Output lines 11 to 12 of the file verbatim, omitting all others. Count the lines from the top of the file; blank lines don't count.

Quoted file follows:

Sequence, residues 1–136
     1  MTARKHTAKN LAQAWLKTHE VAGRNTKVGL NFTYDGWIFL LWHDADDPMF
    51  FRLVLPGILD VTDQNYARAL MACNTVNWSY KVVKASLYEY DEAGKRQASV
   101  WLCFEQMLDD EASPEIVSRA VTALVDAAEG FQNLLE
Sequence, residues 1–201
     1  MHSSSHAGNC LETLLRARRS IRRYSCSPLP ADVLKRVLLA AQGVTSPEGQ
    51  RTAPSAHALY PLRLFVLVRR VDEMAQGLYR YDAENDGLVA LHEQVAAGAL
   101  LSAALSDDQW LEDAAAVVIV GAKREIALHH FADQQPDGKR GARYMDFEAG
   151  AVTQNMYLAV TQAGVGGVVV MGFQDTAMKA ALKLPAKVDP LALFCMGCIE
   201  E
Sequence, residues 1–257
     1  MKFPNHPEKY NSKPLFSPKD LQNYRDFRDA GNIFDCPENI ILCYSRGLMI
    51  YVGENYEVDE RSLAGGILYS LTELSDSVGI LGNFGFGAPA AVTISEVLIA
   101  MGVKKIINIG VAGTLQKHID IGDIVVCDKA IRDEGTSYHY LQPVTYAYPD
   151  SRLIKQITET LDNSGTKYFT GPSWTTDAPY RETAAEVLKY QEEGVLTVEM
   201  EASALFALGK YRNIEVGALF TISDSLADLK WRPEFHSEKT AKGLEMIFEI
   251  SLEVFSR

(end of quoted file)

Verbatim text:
Sequence, residues 1–257
     1  MKFPNHPEKY NSKPLFSPKD LQNYRDFRDA GNIFDCPENI ILCYSRGLMI